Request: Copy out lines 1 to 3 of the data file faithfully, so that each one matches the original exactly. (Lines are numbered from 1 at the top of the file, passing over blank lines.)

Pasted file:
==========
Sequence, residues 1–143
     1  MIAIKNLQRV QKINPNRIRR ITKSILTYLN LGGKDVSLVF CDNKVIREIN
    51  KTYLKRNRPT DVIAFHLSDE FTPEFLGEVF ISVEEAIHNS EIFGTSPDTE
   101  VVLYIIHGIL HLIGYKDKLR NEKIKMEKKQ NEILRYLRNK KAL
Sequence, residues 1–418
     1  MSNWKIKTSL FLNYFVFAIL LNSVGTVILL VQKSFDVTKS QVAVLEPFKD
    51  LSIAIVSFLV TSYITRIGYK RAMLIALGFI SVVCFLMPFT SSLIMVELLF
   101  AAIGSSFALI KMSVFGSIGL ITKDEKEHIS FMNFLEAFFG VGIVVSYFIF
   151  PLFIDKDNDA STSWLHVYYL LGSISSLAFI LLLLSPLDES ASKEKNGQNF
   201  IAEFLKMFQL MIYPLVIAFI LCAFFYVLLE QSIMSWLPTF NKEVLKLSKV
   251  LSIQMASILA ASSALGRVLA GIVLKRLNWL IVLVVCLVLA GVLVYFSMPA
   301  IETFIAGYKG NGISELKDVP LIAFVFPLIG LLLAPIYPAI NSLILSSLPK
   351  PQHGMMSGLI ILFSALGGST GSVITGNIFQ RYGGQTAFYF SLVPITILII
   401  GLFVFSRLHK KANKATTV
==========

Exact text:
Sequence, residues 1–143
     1  MIAIKNLQRV QKINPNRIRR ITKSILTYLN LGGKDVSLVF CDNKVIREIN
    51  KTYLKRNRPT DVIAFHLSDE FTPEFLGEVF ISVEEAIHNS EIFGTSPDTE